IT'S A WONDERFUL LIFE
Review by Michael Jacobson
Stars: James Stewart,
Donna Reed, Lionel Barrymore, Beulah Bondi, Gloria Grahame, Henry Travers
Director: Frank Capra
Audio: Dolby Digital Mono
Video: B&W and Color Full Frame 1.33:1
Features: Making-of Featurette, Trailer
Length: 130 Minutes
Release Date: November 3, 2009
ďEach manís life touches so many other lives. When he isnít around, he leaves an awful hole, doesnít he?Ē
I WANT TO LIVE AGAIN. These words, spoken by George Bailey (Stewart) signify a desire to embrace life and all it has to offer; both hardships and triumphs. It could also be the cry of a nearly forgotten film destined to become a classic, and arguably the defining movie for both the legendary James Stewart and his director Frank Capra.
Itís a Wonderful Life was released in 1946. It was James Stewartís first major film role after returning from the service. Reuniting with Capra, the two artists crafted a motion picture filled with warmth, sentiment, and spirit. It was a right movie at the wrong time, as the country in the throes of World War II seemed reticent to embrace such an openly sentimental offering in the midst of great trials and turmoil.
As hard as it is to believe, Itís a Wonderful Life was not a success. It came and went, and fanfare was minimal. Neither Stewart nor Capra believed they had connected with their viewing public, and set out to continue their careers with their next project. For Stewart, it continued to be a lucrative and wonderful life. Capra never produced, financed, co-wrote and directed a movie entirely by himself again.
But a happy accident changed everything. Somehow, somewhere, someone forgot to renew the copyright on the film, and it fell into public domain. It was shown on television one Christmas, and movie goers who missed out the first time were ready to embrace Capraís vision. Year after year, it became a holiday staple. Today, itís considered the American Film Instituteís number one most inspirational movie of all time.
Itís certainly one of the most well-known and most imitated. The story of a good man, Bailey, the woman he loves Mary (Reed), the evil businessman Potter (Barrymore), and a simple wish that turns it all upside down. Distraught, facing jail for something he didnít do, and weary from a life of thinking of others before himself, George decides he and the world would be better off if he had never been born.
Enter Clarence (Travers), an angel in search of his own wings. He grants George his desire, and George gets to see for himself what would become of Mary, his beloved town of Bedford Falls, his friends and his family had he never existed. And he comes to learn first hand that what Potter told him, that he was worth more dead than alive, is far from true.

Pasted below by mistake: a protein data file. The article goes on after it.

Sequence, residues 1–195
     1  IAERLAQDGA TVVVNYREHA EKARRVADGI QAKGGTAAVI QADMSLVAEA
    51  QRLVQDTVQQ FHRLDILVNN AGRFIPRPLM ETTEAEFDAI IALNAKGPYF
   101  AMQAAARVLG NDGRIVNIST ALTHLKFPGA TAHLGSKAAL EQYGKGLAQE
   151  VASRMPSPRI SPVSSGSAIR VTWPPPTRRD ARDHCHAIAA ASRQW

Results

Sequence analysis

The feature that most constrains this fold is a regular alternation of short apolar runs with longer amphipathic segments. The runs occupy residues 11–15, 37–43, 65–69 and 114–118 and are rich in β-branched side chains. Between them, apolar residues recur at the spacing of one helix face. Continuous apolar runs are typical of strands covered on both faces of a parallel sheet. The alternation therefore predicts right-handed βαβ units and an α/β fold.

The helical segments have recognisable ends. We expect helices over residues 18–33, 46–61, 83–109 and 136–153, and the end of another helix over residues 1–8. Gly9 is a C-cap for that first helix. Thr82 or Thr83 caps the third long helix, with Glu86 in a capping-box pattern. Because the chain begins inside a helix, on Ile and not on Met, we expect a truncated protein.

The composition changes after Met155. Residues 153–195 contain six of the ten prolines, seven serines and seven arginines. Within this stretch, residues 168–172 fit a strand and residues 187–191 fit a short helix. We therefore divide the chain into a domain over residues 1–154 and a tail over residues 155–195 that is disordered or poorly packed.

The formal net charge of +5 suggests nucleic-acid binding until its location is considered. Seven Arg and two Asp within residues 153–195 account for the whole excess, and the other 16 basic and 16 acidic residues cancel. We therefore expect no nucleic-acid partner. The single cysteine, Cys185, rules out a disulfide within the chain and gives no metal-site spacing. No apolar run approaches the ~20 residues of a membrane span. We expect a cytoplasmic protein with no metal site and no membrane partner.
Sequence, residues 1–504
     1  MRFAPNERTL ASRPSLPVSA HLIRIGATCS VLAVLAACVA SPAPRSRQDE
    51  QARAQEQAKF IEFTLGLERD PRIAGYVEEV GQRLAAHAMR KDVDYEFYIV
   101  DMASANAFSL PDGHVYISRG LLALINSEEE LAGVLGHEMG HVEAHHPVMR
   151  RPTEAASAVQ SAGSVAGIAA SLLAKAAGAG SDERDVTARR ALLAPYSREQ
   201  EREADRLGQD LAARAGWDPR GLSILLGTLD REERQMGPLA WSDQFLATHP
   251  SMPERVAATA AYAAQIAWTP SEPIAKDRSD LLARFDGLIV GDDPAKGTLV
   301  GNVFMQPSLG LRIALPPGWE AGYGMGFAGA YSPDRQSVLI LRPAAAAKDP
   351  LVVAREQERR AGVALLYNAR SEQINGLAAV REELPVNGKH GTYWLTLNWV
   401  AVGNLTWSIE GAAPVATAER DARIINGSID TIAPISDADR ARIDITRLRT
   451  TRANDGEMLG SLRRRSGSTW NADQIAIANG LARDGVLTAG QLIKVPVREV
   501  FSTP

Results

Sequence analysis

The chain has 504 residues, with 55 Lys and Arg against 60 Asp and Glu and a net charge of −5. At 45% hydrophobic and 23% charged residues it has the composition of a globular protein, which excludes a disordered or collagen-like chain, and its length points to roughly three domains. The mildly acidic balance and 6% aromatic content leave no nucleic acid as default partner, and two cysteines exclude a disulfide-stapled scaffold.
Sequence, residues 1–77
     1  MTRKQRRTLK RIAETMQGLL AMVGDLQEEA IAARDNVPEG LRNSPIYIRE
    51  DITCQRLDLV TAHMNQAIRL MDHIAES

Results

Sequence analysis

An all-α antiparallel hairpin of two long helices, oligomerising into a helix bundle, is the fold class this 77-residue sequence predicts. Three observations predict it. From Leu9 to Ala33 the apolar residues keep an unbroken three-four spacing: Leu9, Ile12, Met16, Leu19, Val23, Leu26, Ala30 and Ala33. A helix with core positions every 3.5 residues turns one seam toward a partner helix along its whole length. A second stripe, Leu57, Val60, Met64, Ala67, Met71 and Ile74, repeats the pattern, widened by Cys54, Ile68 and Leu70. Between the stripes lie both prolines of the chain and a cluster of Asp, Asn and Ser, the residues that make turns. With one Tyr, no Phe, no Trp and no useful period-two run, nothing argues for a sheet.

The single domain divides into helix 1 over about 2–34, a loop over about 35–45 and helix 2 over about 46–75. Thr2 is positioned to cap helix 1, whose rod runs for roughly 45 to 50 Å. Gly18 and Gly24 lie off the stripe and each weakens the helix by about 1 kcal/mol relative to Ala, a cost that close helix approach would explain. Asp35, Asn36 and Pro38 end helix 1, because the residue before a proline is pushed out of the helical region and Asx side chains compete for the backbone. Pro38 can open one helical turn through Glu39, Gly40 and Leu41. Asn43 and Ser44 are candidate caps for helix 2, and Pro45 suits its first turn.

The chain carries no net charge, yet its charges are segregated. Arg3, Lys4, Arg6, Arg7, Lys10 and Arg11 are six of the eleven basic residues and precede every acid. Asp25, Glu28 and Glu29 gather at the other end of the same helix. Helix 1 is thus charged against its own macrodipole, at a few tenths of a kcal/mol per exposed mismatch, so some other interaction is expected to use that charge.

Though it may have taken awhile, the film found an audience and continues to resonate because we all have low moments like George, and can identify with the thoughts born out of his despair. And Capra, ever the sentimentalist, affirms for us a most simple and basic truth: we are here for a reason. And we would be missedÖmore than we could possibly imagine.
James Stewart remains the cinemaís most perfect everyman. His down-to-earth quality and lack of pretentiousness, not to mention a basic genuine decentness and goodness shows us all a side weíd like to believe we have in us. Stewartís gift, apart from his talent, was his ability to make us believe thereís a George Bailey, a Mr. Smith, or countless others within us all. And that when backed against a wall, thatís the side of us thatís capable of coming out.
Sure, like many Capra films, it treads dangerously close to corniness from time to time. His movies donít actually show an America that truly ever was, but perhaps the most perfect dream of America. We donít revisit his films for nostalgia so much as for a yearning for the elusive perfection that only seems to flicker on the screen.
But sentiment is something we all carry, and Itís a Wonderful Life is the kind of picture that makes us unashamed to dig down deep where we bury it and let it rise to the surface for a couple of hours. It keeps us in touch with our humanity to nurture that part of our soul every once in awhile, which is why, I imagine, that we keep coming back year after year. Life is indeed wonderful. And so is this movie.
BONUS TRIVIA: The names of the cops would become the inspiration for two memorable characters on Sesame Street: Ernie and Bert.
There's nothing quite like seeing a vintage black and white classic looking more crisp, clean and beautiful than ever before, and there's never been a format like Blu-ray to make it possible. The contrast between lights and darks has never been so well-defined, and the state of the print is enchantingly good, particularly for those of us who have seen so many of the horrid public domain presentations over the years.
And if you came here today expecting to hear news about the colorized version, which is also included, I'm very sorry...you came to the wrong website. Colorization is one of the biggest detractions from American cinematic culture ever concocted, and I will not watch any film that has been subjected to this travesty.
The mono track is highly serviceableÖdialogue is clear, noise is minimal, and dynamic range pretty restrained, but perfectly adequate for such a classic.
Only two extras, but both good. One is a modern making-of documentary hosted by Tom Bosley, and the other is the original theatrical trailer in HD.
Itís a Wonderful Life will be a holiday staple for as long as human beings feel the need to embrace the good and the positive inside of us all. In other words, for a long, long time to come. At least I hope so. Angels who get their wings make the world better for us all.